The secret to high score in the Common Admission Test is to attempt the best questions first and faster.
Admission into one of the IIMs and other top-ranked B-schools is the dream of the CAT aspirants.
At this point of time, when only a few weeks remain between you and CAT, here are some tips to help you make optimum use of your time.
The countdown begins
Aspirants can now download their admit cards from the CAT website. December 4 is the test day.
The next few days is like the last leg of marathon race. It's time to keep your morale high, balance your IQ and EQ so you can cover a lot of distance.
By now, the initial phase of your basic preparation is already over.
In general, the CAT includes questions on Quantitative Ability (Mathematics), Verbal Ability (English), Data Interpretation (DI), and Logical Reasoning (LR) skills. Even though you have gone through the syllabus and started preparations, there is no harm in reviewing the syllabus to see if any aspect is missed.
Solving the CAT needs creative and out-of-the-box thinking so you can visualise the problems in different ways and come up with the right solution.
A question is difficult only if you are seeing it for the first time, when you see the question for the second/third time and still find it difficult, think again- Have I really prepared well?
Introspect and self analyse
Remember to take mock tests in computer based mode and in section-wise time bound manner.
This will help you in familiarising with the test environment.
At the start of the mock test, ensure that you have an overall target score and sectional target.
Divide your questions into those that you...
- Can comprehend and solve
- Can answer but will take time
- Can't counter (for unknown reasons)
By categorising the questions in this manner, you will be able to segregate and map your time. This practice will enhance your ability to pick the 'right' kind of questions.
One of the most important reasons for candidates not doing well in tests like the CAT is that they get jammed with problems and forget to progress on other questions.
After taking series of practice tests, scrutinise our answers, and do separate analysis for 'Attempted Questions' and for 'Un-attempted Questions'
For attempted questions try and check whether your mistakes were silly, careless or had conceptual errors.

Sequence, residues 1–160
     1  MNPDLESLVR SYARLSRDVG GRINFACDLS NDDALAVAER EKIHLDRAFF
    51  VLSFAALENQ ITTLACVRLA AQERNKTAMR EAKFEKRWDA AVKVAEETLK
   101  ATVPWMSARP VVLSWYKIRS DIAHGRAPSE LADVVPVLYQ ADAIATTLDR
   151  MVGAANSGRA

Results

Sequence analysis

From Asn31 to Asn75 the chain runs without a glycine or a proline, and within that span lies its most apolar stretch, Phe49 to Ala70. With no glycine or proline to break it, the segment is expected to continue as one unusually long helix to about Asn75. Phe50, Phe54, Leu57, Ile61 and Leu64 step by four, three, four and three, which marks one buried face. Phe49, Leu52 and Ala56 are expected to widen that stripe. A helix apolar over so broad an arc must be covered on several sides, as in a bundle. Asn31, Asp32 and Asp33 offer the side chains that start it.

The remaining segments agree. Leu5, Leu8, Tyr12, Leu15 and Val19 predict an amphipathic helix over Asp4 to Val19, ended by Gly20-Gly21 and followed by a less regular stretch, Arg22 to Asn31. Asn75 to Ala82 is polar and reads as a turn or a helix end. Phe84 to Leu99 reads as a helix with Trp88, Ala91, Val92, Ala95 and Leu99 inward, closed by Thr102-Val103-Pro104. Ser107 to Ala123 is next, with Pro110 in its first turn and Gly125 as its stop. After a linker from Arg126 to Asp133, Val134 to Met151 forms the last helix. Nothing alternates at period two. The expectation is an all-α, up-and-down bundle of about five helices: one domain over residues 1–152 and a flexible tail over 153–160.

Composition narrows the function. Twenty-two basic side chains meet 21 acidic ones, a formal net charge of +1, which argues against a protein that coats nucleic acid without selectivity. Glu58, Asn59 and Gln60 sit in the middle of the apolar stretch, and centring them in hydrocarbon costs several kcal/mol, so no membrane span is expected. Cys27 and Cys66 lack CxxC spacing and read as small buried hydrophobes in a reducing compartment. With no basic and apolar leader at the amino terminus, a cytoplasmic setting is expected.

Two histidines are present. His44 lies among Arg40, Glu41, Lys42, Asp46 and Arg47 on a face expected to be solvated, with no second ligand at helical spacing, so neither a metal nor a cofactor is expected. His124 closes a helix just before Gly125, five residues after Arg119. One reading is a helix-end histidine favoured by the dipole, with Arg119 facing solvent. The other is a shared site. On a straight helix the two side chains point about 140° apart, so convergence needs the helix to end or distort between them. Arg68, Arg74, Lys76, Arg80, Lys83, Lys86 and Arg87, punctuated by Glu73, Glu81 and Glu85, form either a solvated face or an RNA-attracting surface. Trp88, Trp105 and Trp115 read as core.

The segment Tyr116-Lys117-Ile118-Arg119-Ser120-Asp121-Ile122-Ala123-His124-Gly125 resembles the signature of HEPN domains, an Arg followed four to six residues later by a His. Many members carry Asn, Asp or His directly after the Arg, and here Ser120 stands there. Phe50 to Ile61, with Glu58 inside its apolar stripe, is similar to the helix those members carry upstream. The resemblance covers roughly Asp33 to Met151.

You can also evaluate whether you can take hold of the problem irrespective of the level of difficulty. For un-attempted questions, try to evaluate those questions that could have increased your score. Also try to understand the concepts and focus on potential questions.
Always aim to score balanced high sectional percentile than to focus on overall high percentile.
Have a time-bound practice session, and note down at regular intervals as to how many questions from each of the sections you have solved.
Continue with the section-wise study plan
Don't EVER have a mental block about a particular section/ topic.
Set up a daily time-frame for studying each one of these sections with a break between two sessions.
Don't get discouraged by finding your weak/weaker area. Allot more time for that section, focus and practice.
The trend in CAT 2016 might be to keep three sections but the number and pattern of questions may change.
The sectional time constraint may also be removed and candidates may be allowed to toggle among the three sections freely, but remember, the total test time is expected to remain the same i.e. 3 hours.
Time management is one of the most crucial factors of the CAT 2016 preparation as well as during the exam.
You will have complete liberty to unravel more number of questions but try to avoid generous attempts and answer only such questions in which you are confident.
Remember, this will also help in bringing down negative marking.
More tips for students
Make sure that you do not compromise on your final year preparation as your academic records will be given good weightage in the IIM's admission procedure.
Do not start anything new in the last two weeks before the CAT. Focus only on enhancement in this phase.
Relaxation, recreation and rejuvenation is important for both mind and body. So, do light exercises and yoga, eat healthy food, drink plenty of water and getting good sleep is important too.
Gradually reduce your study in the last 3 to 4 days and relax on the day before the CAT.
The author Prof Dr Savitha G R is associate professor-HR, WeSchool, Bangalore.
Lead image used for representational purposes only. Photograph: Kind courtesy AdinaVoicu/Pixabay.com